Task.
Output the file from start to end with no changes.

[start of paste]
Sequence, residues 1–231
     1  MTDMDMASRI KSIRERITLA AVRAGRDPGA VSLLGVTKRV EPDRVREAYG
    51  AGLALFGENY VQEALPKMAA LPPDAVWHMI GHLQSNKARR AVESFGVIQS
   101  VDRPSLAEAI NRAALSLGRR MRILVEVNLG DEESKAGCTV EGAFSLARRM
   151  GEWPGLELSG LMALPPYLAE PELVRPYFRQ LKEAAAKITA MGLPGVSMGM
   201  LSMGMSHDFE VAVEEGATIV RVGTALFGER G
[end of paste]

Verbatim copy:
Sequence, residues 1–231
     1  MTDMDMASRI KSIRERITLA AVRAGRDPGA VSLLGVTKRV EPDRVREAYG
    51  AGLALFGENY VQEALPKMAA LPPDAVWHMI GHLQSNKARR AVESFGVIQS
   101  VDRPSLAEAI NRAALSLGRR MRILVEVNLG DEESKAGCTV EGAFSLARRM
   151  GEWPGLELSG LMALPPYLAE PELVRPYFRQ LKEAAAKITA MGLPGVSMGM
   201  LSMGMSHDFE VAVEEGATIV RVGTALFGER G